Scout's Honor author Patrick Boyle says exposing abuses can help victims of abuse
Boyle's 1994 book opened door for more research
11:33 AM, Oct 26, 2012
1:12 PM, Oct 30, 2012
The first published reports on the Boy Scouts of America’s confidential “ineligible volunteers” files were written nearly two decades ago by Patrick Boyle.
His 1994 book, “Scout’s Honor: Sexual Abuse in America’s Most Trusted Institution,” used the files as a springboard for more research, including extensive interviews with convicted pedophiles, their Scout victims, Scout leadership, experts in the fields of justice and medicine, and others touched by the crimes. The book grew out of a 1991 series he’d developed as a reporter for the Washington Times.
Boyle gained more expertise on youth-service organizations as editor of Youth Today, a trade publication. He’s now communications director for the child advocacy group Forum for Youth Investment in Washington, D.C.
Following are excerpts from a Sept. 25 interview with Boyle, 53.
Q: Why are the records contained in the Boy Scout confidential files important?
A: They give us a window into how the Boy Scouts operated and how they dealt with really the biggest skeleton in their closet, which is child molesters infiltrating the units. It also gives us a window into how child molesters operate. And one of these (things) we find, quite frankly, is that the organization very frequently acted in concert with the child molester, although certainly not on purpose. They both had an incredible interest in keeping this secret.
Q: How easy was it for pedophiles to get into the Boy Scouts?
A: This is an organization that depends on grown-ups who are willing to spend an awful lot of time with kids who are not their own kids. So it was very easy for child molesters to get access to a large number of boys that they were not related to and develop relationships with these kids. That’s why Scouting was such a perfect place for certain types of child molesters.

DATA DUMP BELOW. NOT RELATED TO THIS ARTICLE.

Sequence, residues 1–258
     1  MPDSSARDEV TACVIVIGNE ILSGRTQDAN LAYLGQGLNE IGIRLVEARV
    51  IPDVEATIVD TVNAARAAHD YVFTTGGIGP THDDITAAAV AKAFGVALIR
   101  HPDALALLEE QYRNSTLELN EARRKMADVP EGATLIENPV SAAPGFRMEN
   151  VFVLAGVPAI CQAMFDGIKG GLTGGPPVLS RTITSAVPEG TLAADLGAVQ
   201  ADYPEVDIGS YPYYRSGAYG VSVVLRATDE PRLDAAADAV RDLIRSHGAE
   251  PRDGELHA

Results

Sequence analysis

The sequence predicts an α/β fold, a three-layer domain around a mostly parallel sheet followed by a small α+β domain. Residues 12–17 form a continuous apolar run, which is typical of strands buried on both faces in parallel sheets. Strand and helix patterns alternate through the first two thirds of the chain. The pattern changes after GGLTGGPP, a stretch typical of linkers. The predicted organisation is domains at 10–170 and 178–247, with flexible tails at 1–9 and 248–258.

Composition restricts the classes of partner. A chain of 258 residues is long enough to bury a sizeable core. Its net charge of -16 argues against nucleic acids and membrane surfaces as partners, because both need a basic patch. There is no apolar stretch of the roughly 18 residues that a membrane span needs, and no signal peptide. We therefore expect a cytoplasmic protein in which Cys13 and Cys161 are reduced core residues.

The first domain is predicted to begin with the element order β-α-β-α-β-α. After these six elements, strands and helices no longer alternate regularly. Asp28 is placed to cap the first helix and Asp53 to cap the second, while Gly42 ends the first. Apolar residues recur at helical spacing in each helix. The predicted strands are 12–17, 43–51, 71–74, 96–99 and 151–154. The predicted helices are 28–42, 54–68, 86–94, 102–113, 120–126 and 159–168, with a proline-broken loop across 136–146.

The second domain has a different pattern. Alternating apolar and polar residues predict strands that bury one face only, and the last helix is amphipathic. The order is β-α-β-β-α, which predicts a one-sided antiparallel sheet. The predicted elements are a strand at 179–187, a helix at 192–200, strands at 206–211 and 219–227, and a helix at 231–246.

There were efforts beginning in the 1970s and ’80s to do a better job of screening them out or at least watching for certain behaviors and dealing with the problem early on. But, by and large, the Scoutmasters on the local level didn’t have much, frankly, sophistication or education about how molesters operate or how to keep them out. You didn’t quite have an open door, but you had an unlocked door.
Q: How effective were the Boy Scouts at reporting pedophiles to police?
A: For a long time, the Boy Scouts did pretty much what everyone else did. When they found a molester, they said: “Go away.” It was like throwing garbage out the window and pretending it’s not there anymore. There are cases around the country where Scout officials reported abuses to police. But throughout the confidential files, you really see a culture of silence. A culture of wishing it wasn’t reported to police. And sometimes, in fact, convincing parents not to go to police. And when they do go to police, convincing police not to press charges and prosecutors not to press charges. They wanted as little publicity as possible. That played into the fears of parents, because parents didn’t want their kids to be ostracized, either. So they all kind of worked together (in) a conspiracy of silence, not realizing that what they really were doing was enabling child molesters.
Q: There has been renewed interest in these files and in the whole issue (about Boy Scouts and pedophiles). What is the impact?
A: I think all this new attention is going to do an incredible amount of good, mostly for kids. The American public seems more willing than ever to really look at this problem of institutional sex abuse and to demand that organizations do something about it.
For decades, this problem has really been kept in the dark -- and you can understand why. Organizations are not going to broadcast that they have child molesters in their ranks. But light solves a lot of problems. The more light you shine on this, the more victims are going to feel empowered to report. We’ve seen a lot of people coming out to talk about being abused -- by priests, by coaches, by Scout leaders, by teachers -- and part of that is because they realize they’re not alone.